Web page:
Cyber Security

What’s in a Name? The Unspoken Arms Race of the Cyber Security Industry

The 2016 US Government report detailing Russian malicious cyber activity named 40 separate Russian state-aligned cyber threats, drawn from security vendor marketing and research. Indeed, the advisory came with its own monicker ‘Grizzly Steppe’, bringing the names involved to 41 (plus suspected civilian groups). Despite this apparent proliferation, Russian state-aligned cyber activity is suspected to be aligned to just three main bodies – the GRU, FSB and potentially the SVR.

Russia currently occupies a place at the top of the geopolitical agenda, and and has a corresponding focus from the security industry – but still, something here doesn’t add up. A scratch beneath the surface reveals that in several cases, each security vendor had simply assigned the exact same threat group a different name.

Clearly, this adds significant confusion to an already complex problem, as demonstrated here. While we don’t know for sure which state bodies are involved, each column represents a single cyber threat actor – with the different names below assigned by different vendors.

The question is, why as an industry do we default to over-complicating the threat? Surely it’s hard enough to deal with without adding artificial layers of obfuscation? And what can we do about it?

How did we get here?

It’s no secret that the APT1 report from Mandiant in 2013 helped propel what was a fairly niche business into a global incident response and consulting powerhouse. By evidencing attacks on Western organizations by a Chinese state-aligned cyber-group (APT1), Mandiant became headline news and were able to set the security agenda.

Mandiant’s (now FireEye’s) naming convention was and is fairly simple – APT is the prefix given to nation state groups (eg APT1, APT10, APT28), while FIN is the prefix given to criminal groups (eg FIN1, FIN7). Problem is, unless you work in the industry it’s hard to remember who’s who – and as a CISO, if you tell your CEO that based on your threat profile you need budget to defend against APT10, you may get a blank stare in return. Still, it’s only one set of names to remember, and there’s always Google.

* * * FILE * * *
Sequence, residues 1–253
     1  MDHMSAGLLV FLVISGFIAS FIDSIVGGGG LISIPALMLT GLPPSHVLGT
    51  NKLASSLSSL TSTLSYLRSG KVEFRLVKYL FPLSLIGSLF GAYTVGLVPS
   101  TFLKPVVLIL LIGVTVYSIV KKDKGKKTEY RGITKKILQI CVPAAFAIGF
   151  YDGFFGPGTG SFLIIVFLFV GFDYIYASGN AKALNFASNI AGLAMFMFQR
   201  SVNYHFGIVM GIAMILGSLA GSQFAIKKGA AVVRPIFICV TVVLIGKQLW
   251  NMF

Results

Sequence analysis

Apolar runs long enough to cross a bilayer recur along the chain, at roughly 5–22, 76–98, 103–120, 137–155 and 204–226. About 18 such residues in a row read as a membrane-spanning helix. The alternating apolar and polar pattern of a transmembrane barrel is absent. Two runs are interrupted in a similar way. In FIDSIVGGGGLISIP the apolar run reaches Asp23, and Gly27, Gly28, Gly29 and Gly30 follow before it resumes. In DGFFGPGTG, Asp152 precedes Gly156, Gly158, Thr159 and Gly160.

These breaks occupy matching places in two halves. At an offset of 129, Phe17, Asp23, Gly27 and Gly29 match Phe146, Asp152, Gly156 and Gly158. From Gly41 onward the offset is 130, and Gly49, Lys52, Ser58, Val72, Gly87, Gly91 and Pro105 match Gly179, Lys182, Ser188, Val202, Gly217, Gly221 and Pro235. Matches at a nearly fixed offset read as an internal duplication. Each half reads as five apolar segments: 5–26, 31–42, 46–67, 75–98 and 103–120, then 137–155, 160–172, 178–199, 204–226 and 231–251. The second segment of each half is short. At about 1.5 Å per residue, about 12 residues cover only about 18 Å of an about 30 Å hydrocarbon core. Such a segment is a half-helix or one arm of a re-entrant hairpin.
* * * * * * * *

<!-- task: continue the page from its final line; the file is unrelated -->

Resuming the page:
However, this is where we take a turn for the worse. The cyber security industry noted Mandiant’s success in setting the narrative, and crucially, realised it was actually Mandiant’s naming convention that was dominating the boardroom – regardless of the vendor in question.

With significant budgets being allocated to R&D and threat research, vendors simply could not risk their work, IP and reputation being referenced in a framework drawn up by Mandiant. In a highly competitive space, it was akin to admitting defeat before the battle for budgets had even begun.

There was only one thing for it – in the struggle for influence and thought leadership, each vendor would adopt its own naming convention in order to protect their research and brand investments – and if that meant confusing the customer then so be it.

The naming arms-race

Let’s use a well-known threat group as an example, the Russian GRU – whose remit is foreign military and political intelligence, manifesting itself in alleged cyber attacks on NATO, Eastern European Governments, a French TV station, The White House, foreign democratic processes and the Olympic Games.

Speak to FireEye and they’ll tell you that you need to defend against ‘APT28’. Get Crowdstrike in the room and it’s all about ‘Fancy Bear’, with ‘Bear’ their Russian suffix. Trend Micro will say ‘what about Pawn Storm, did you consider that?’. Yet this is actually the same threat actor.

A threat’s not a threat until it has a logo – or several…

Indeed, it doesn’t stop there. Going one level deeper, security vendors also love to name the tooling and techniques used by threat groups. For example, in 2015, APT29 used a backdoor that FireEye called ‘HammerToss’, while F-Secure named it ‘HammerDuke’ in line with their own Russian naming convention of ‘TheDukes’.

Faced with this level of naming complexity it starts to become difficult to prioritise actual security activities and remediation, let alone attempt to communicate what is actually important to the wider business.

So what’s the answer?

With so much money riding on percentage points of marketing influence, it’s unlikely that the cyber security industry is ready to give up on its complex system of multiple naming conventions just yet. The research -> name -> publish -> market -> sell model is simply too entrenched, and while at a technical level the industry can be extremely collaborative; at a marketing / sales level it is not yet there (there are exceptions).

In addition, and in fairness to the industry, the threat landscape is moving quickly. Several security firms track the same threats concurrently, and will publish at similar times.

One solution? There may be arguments for a government body such as the DHS or NCSC to maintain and arbitrate a centralised naming convention, but there are clear counter-arguments that this may make it political and potentially biased – even to the point of discouraging research, which in the face of the threat as it stands is the last thing we need.

For the time being, firms should continue to ask the question ‘based on what it is we do, who is it we need to defend against’, while looking beyond vendor-marketing to the motivations that underpin what remains a genuine threat. Although in the current naming arms-race, that’s easier said than done.

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